Biofuels are produced as replacements for fossil fuels. Nevertheless, these fuels may jeopardize food security. No research has examined the relationship between the production of biofuels and food security in terms of their various dimensions. This study examined the effects of biofuels on food security in several developed and developing countries comprising oil-producing and developed countries. Dimensions of food security were including food availability, food accessibility, food utilization, and food stability. To this end, standard and neo-Malthusian theories combined with the food availability decline (FAD) theory were employed. In addition, the panel generalized method of moments (GMM) was used to estimate the relationships between variables. The results showed that food stability, population growth, and income inequality were measured by the Gini index, and unemployment was significantly higher in developing countries than in developed countries. Conversely, food security, food availability, food accessibility, food utilization, land area, total biofuel production, agricultural credit allocation, and food product prices were higher in developed countries than in developing countries. The increase in biofuel production reduced food security by 0.031%, 0.047%, and 0.064% in all countries, developing and developed countries, respectively. In developing countries, biofuels had a significant impact on food accessibility and food availability. However, biofuels had significant and positive effects on food stability and utilization. In developed countries, biofuels had negative effects on food accessibility, stability, and availability and positive effects on food utilization (0.016%). In conclusion, policies are needed to mitigate the negative effects of biofuels on food security.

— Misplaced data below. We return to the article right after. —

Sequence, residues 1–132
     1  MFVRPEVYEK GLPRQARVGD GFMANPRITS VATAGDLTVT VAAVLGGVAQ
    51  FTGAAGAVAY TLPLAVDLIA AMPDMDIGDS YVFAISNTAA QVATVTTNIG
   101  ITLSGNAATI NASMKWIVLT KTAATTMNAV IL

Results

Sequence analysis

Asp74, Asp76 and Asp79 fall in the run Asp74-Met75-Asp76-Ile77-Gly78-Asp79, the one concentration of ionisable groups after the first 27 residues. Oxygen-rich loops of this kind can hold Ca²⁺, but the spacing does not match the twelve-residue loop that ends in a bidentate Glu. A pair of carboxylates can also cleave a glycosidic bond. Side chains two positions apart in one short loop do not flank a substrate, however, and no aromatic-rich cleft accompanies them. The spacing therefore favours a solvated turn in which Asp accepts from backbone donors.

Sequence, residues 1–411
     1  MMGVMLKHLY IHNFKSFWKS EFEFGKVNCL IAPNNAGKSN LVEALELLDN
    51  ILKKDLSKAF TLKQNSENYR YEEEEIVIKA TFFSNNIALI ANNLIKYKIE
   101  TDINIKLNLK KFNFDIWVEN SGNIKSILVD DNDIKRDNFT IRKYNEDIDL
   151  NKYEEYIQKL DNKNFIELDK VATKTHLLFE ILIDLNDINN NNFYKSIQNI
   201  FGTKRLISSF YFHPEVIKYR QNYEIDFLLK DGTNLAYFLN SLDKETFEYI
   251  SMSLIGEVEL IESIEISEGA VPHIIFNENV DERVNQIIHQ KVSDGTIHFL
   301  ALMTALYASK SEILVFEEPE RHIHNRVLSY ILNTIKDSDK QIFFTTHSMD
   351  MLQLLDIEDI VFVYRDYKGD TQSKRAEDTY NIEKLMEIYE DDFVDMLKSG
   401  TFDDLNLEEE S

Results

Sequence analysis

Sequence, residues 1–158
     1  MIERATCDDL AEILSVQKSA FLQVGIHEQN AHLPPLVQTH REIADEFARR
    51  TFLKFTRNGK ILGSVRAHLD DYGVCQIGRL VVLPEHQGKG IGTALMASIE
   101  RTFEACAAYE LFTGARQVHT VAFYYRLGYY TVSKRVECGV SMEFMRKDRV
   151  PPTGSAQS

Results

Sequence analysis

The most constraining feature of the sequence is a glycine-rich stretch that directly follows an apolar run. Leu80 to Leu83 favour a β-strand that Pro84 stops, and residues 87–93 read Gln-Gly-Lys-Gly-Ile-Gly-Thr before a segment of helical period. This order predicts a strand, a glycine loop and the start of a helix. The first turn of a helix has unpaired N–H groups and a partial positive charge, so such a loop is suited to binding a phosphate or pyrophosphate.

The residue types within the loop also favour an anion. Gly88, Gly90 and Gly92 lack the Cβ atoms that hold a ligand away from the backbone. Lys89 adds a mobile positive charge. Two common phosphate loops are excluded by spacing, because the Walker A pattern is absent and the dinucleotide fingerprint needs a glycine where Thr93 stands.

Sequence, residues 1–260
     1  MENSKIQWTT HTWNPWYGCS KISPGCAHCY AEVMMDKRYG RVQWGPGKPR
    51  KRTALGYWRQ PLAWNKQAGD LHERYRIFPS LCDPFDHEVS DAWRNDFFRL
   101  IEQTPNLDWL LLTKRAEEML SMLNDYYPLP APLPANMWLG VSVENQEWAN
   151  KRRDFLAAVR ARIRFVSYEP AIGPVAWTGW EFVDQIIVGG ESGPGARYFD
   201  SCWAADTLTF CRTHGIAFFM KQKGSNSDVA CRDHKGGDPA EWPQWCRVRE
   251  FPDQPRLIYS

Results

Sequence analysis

Biofuels, developing countries, developed countries, food availability, food security.